The maps revealed the route’s few visible features, such as wadis (dried water channels) and the occasional tree. Ground conditions were noted too in case the mailplanes had to land: “soft,” “hummocky,” and “bitumen pools.” The handbook describes how to find permanent water locations: To access one at Bir Kasra Khurana, for example, crews were to “dig to a depth of a foot or two in a valley floor at the foot of a white hill about two miles southeast of the castle ruin.”

Places to land were particularly important. About every 20 miles a spot was cleared of rocks and boulders and marked by a 20-yard circle. In them, the group traveling from Baghdad made Roman numerals from “I” to “XI.” The Amman crew lettered the ground from “A” to “R,” excluding “I” and “Q” so they wouldn’t be confused with the Roman numerals “I” and “Q.” Total landing sites numbered 26. The entire exercise of creating the marked route took six weeks, with the two construction groups meeting at Al Jid (about halfway between Amman, Jordan and Ramadi, Iraq).

Pilots happily followed the etched-out track, but the wind soon swept sand over it. Out came the crews again. This time they took Fordson tractors and excavated a furrow, with large plowed arrows pointing the way. It worked, but some considered the concept crude. Air Vice Marshal Sefton Brancker, after flying the route, deemed it “most derogatory to the training of pilots in navigation.”

The RAF published a guide to flying the route.
The Royal Air Force published a pilots’ handbook, which included a series of detailed sectional maps.
Crash landings weren’t uncommon, but the Royal Air Force pilots had been trained in how to survive while waiting for rescue.
When Imperial Airways took over, Rutbah Wells, Iraq, became a rest stop.

June 23, 1921: Launch day. Two-seat DH-9As and three-seat DH-10s made the inaugural flight, but these two aircraft types (both bombers) proved woefully small as transports. More seats and cargo room were needed. The Vickers Vernon soon became the favorite, due to its much larger fuselage, which included an enclosed cabin for the comfort of up to six passengers and for protecting the mail. The Vernons were flown by a crew of four: two pilots, a mechanic, and a wireless operator.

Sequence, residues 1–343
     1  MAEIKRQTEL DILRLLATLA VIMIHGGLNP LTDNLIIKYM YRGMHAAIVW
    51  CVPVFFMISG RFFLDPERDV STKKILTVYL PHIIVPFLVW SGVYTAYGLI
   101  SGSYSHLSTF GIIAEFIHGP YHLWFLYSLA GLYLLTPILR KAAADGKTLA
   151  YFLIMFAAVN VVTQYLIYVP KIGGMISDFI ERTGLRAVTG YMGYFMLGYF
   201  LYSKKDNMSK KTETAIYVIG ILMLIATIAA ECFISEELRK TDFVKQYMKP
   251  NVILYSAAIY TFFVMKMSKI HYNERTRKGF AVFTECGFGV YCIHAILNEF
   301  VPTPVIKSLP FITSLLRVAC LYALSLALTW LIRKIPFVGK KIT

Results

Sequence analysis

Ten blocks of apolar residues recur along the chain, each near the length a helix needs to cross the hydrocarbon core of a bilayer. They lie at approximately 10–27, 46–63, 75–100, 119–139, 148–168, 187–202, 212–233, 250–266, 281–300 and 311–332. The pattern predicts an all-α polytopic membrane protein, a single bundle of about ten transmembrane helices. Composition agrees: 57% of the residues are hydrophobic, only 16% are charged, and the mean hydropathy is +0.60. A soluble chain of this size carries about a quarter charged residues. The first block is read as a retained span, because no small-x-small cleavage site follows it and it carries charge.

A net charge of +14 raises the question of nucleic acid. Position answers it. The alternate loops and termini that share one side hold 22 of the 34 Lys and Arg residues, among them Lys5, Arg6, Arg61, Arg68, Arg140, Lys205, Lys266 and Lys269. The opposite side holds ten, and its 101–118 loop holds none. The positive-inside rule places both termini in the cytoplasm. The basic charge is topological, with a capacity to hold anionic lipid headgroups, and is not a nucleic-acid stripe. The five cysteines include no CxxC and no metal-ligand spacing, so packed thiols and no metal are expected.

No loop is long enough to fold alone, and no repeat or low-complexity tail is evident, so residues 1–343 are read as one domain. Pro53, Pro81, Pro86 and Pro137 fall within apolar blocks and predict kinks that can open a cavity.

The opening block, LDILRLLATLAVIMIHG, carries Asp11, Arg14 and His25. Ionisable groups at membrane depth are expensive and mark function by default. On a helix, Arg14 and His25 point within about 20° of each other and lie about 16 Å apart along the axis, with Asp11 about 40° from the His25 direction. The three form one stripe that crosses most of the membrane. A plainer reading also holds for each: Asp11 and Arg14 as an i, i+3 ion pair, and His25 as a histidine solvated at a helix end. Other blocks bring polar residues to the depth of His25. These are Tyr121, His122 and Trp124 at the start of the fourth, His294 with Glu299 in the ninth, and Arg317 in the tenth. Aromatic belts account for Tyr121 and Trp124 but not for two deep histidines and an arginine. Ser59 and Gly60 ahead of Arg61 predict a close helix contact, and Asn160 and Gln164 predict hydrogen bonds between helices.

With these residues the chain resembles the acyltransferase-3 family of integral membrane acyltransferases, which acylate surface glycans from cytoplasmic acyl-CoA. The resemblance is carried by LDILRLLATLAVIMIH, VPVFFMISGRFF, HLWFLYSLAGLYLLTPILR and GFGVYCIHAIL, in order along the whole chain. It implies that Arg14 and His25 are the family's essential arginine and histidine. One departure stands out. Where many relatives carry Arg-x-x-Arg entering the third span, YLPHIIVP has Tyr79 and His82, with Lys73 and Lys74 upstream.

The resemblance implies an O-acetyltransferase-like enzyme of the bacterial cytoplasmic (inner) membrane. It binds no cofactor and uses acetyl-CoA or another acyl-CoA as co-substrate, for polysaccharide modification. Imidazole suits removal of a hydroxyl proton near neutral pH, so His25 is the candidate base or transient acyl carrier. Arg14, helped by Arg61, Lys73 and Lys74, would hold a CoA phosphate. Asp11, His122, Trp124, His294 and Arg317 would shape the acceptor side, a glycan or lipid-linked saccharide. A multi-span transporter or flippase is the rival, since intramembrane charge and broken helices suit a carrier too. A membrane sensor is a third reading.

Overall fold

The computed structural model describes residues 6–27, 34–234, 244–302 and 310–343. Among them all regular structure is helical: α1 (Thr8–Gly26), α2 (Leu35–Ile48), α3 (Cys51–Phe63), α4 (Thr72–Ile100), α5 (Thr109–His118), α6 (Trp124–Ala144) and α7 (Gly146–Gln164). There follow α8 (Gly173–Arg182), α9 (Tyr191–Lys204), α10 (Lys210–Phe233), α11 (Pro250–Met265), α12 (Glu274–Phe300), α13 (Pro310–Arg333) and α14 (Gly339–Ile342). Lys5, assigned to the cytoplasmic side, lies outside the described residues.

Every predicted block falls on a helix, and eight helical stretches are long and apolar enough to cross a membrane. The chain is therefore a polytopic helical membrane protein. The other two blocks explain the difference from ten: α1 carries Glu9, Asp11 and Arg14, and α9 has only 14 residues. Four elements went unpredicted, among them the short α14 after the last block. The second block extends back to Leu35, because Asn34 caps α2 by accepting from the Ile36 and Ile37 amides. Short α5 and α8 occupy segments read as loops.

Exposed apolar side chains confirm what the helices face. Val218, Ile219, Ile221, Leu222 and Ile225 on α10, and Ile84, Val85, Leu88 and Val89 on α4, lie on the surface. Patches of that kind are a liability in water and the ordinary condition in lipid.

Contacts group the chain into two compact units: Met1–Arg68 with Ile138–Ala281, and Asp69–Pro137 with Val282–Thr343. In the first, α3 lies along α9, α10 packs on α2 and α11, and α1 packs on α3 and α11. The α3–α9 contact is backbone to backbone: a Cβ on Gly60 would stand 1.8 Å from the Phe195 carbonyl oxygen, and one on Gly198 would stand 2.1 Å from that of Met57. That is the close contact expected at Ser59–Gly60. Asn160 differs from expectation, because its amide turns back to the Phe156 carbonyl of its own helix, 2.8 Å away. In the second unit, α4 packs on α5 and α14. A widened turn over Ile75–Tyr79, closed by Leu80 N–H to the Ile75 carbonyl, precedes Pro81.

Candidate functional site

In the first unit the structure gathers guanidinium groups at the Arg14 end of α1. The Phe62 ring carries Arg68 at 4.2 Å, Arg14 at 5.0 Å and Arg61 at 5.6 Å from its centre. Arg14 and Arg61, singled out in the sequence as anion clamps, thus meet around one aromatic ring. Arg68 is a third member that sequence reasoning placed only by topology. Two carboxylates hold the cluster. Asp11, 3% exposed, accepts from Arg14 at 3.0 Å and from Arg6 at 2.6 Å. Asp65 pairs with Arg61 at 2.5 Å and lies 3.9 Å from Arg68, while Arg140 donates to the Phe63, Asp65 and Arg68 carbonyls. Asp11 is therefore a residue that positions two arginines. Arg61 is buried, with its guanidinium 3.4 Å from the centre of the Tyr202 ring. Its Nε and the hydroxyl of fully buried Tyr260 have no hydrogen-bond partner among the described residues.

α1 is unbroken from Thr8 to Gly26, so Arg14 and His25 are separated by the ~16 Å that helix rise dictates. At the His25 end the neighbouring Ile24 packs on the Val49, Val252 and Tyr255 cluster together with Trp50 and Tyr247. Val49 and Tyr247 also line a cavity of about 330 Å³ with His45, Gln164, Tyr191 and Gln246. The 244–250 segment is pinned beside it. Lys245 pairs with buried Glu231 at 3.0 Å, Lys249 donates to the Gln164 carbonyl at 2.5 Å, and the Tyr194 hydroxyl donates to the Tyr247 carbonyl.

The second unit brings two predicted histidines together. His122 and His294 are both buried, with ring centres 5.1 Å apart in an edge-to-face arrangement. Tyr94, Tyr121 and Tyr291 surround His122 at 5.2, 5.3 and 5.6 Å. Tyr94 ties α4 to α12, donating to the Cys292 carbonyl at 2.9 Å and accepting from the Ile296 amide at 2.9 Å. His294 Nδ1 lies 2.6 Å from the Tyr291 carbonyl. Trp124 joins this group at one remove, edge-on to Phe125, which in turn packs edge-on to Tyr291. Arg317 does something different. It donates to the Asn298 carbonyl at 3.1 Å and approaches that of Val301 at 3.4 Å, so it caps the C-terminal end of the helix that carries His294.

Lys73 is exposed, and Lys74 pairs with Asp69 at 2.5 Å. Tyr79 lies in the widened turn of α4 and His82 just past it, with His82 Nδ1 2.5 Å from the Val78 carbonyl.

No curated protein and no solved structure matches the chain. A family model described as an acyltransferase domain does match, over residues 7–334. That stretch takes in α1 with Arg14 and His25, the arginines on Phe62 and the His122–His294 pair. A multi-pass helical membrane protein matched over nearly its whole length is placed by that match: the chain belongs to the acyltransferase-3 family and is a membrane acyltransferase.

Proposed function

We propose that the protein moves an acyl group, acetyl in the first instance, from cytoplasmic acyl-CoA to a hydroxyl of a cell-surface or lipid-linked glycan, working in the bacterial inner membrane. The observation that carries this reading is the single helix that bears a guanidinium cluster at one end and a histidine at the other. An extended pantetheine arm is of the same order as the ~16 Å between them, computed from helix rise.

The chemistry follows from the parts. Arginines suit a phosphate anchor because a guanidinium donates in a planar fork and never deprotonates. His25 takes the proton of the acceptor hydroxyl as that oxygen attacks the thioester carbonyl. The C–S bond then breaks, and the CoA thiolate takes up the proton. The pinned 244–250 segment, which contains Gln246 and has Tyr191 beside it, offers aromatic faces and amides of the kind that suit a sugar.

Early trips were ruled by trial and error. Extra fuel strapped under the wings (up to 12 four-gallon cans) added so much drag that on a hot day with less than a full load of cargo, rate of climb rarely topped 100 feet per minute—an anxious experience, with the hills around Amman looming. The Amman aerodrome was soon relocated to nearby Ziza, but the Vernons still needed more robust engines for a better power-to-weight ratio, which improved aircraft performance. Soon new Napier Lion engines boosted the Vernons’ horsepower by 20 percent. Two bronze fuel tanks buried in the desert outside Amman, where the Vernons could land and refuel, eliminated the need for the cumbersome strap-on cans.

With a 75-mph cruise speed, the Vernons required 12 hours (not including refueling stops) to fly to Baghdad. A brisk tailwind might reduce the flying time to nine hours, while a headwind could increase it to 16. For both the pilots and aircraft, it was grueling. “The glare of the desert and the perpetual watching of the track tend to fatigue the retina,” wrote Wing Commander Roderic Hill in a paper presented to the Royal Aeronautical Society on March 1, 1928. Hill, who flew the route from 1924 to 1926, also spoke of the need for refreshment: “We drink some lemonade from a thermos flask and eat some pheasant and ham sandwiches.”